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Council's job outsourcing plans breach EBA: union

Furious staff unions have lodged a formal objection with Brisbane City Council over its handling of plans to outsource 50 information technology jobs overseas.

The Australian Services Union says the plans are in direct breach of an enterprise bargaining agreement, which states staff whose work could be outsourced must be given enough information to build a business case to bid for the work themselves.

Offshore... Brisbane City Council plans to send IT jobs to Asia.
Offshore... Brisbane City Council plans to send IT jobs to Asia. Photo: Harrison Saragossi

The council has confirmed it plans to outsource IT jobs in three work areas - help desk, project services and administration - but a spokesman for Lord Mayor Graham Quirk said a final decision on exactly where the jobs would be outsourced had not been made.

However ASU assistant secretary Jennifer Thomas said the council's staff was horrified to learn in yesterday's report that plans could be announced within weeks.

Ms Thomas said the council had only once before raised the idea of outsourcing jobs, to a firm called QPG, which was part-owned by the Local Government Association and founded by former Labor lord mayor Jim Soorley.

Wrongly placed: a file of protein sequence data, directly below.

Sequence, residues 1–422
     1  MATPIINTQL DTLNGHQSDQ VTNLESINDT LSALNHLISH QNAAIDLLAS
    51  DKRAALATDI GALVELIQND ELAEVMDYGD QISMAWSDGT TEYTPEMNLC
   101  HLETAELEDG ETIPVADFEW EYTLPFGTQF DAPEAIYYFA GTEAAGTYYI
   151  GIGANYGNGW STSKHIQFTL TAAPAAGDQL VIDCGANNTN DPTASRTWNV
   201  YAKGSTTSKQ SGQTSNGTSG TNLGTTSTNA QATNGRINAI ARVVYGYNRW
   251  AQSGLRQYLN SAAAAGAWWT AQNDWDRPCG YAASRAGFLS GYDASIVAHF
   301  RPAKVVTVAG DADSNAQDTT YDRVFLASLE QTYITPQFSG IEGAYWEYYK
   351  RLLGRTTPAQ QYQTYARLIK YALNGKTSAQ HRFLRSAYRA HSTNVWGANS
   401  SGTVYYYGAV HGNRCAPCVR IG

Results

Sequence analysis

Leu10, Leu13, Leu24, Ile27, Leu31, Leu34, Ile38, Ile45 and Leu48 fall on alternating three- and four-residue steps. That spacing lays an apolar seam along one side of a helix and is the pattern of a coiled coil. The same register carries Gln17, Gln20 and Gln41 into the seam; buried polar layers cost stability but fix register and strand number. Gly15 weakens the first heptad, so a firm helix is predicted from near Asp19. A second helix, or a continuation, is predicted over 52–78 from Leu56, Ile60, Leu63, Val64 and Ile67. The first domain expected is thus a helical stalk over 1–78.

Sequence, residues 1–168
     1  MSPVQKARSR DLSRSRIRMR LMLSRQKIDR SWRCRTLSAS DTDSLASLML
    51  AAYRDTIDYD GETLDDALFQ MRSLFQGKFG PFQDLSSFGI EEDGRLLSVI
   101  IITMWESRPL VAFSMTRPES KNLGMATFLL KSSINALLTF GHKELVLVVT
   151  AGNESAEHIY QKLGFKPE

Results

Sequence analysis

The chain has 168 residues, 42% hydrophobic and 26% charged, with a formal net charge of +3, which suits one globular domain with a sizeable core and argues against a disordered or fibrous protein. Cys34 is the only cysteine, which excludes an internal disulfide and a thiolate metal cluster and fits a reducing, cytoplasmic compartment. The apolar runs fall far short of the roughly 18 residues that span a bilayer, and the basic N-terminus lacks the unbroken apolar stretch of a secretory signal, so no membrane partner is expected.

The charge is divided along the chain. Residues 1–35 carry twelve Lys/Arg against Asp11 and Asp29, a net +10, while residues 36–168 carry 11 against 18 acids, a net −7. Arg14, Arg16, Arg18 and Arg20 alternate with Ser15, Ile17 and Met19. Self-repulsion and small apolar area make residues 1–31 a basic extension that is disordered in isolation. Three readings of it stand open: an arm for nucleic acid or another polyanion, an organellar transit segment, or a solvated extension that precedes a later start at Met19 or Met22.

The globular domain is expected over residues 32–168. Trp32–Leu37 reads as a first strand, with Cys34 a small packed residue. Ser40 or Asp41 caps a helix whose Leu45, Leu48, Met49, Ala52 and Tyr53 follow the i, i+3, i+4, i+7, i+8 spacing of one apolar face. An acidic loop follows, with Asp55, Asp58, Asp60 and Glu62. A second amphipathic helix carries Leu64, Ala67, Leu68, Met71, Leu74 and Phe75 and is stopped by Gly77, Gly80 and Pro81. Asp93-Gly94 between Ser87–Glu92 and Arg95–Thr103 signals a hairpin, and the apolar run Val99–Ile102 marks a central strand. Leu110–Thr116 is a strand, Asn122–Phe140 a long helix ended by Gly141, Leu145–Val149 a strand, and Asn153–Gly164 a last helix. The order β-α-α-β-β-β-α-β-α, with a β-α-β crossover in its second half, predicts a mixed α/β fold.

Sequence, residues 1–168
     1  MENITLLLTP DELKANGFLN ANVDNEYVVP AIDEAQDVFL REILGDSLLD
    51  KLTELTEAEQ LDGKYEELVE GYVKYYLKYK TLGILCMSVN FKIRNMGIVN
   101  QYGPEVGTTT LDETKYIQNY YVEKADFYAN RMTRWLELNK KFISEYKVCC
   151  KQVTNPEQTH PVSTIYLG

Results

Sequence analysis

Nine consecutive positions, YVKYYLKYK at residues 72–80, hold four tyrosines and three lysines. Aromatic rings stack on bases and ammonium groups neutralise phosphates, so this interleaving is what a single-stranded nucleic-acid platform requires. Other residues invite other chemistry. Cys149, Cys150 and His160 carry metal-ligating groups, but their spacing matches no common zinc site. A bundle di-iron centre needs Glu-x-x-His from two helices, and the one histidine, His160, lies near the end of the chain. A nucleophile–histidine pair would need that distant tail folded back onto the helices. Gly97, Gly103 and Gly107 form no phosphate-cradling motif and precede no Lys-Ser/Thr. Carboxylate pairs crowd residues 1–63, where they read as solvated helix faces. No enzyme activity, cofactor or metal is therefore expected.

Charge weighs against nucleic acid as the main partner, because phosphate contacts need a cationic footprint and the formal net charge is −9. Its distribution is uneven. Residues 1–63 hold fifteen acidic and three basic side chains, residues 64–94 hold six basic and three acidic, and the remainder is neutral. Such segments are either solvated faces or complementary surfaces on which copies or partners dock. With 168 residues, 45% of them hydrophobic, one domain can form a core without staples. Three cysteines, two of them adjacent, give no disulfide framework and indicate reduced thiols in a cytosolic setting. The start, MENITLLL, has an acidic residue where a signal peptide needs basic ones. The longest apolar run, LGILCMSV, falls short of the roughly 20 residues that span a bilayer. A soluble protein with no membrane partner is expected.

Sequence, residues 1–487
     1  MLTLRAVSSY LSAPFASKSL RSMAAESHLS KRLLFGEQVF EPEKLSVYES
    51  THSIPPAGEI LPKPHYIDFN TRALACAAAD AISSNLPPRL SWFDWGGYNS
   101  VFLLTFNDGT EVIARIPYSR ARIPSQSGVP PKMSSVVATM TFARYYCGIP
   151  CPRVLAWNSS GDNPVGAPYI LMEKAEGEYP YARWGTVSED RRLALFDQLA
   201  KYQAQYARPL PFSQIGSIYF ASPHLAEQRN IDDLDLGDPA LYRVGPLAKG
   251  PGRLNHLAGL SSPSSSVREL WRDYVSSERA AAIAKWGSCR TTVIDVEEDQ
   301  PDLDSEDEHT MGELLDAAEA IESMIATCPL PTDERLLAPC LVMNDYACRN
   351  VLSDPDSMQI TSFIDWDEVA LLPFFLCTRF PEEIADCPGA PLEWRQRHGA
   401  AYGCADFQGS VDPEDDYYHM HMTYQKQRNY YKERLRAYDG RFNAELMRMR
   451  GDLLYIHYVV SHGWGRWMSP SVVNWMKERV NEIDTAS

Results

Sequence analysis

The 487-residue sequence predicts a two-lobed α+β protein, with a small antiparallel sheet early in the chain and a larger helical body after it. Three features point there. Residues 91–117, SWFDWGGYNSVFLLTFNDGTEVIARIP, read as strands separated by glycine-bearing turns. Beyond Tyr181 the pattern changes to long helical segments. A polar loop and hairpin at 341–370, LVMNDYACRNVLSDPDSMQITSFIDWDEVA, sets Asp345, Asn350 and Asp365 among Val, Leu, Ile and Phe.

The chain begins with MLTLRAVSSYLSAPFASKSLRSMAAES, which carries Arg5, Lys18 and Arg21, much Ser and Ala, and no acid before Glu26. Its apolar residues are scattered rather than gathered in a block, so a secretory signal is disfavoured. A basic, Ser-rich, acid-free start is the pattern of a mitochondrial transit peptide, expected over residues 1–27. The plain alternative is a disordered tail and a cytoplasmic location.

In 2008, Mr Soorley wanted the 156 local councils in Queensland to think of alternatives to having their own rates section, IT sections and their own payroll sections.

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Ms Thomas said the council's current proposal had her fearing the worst, because the United Kingdom structure of QPG was recently sold to India.

"It really has been a bit of a fizzer," she said.

Ms Thomas said the council's IT staff were now confused and demanding information.

"In their minds they have not been provided with a business case yet," she said.

"...There was really only some rumours about it going to some international competitors before Christmas.

"So now, the immediate view on that from staff was that they could never compete with those type of prices and they all want to keep their jobs."

Ms Thomas said, after lodging the formal complaint, the union would begin meeting with its members before deciding how to help them bid for their own jobs.

"If they have to compete with international rates with the work going overseas then that brings a new dimension into what we will have to do," she said.

The council's Finance and Administration chairman Julian Simmonds said staff and unions had been fully consulted about the plan.

Council opposition leader Milton Dick questioned why the council was considering outsourcing IT jobs to overseas firms "when there are hundreds of trained IT professionals within Brisbane who are more than capable of doing the job."

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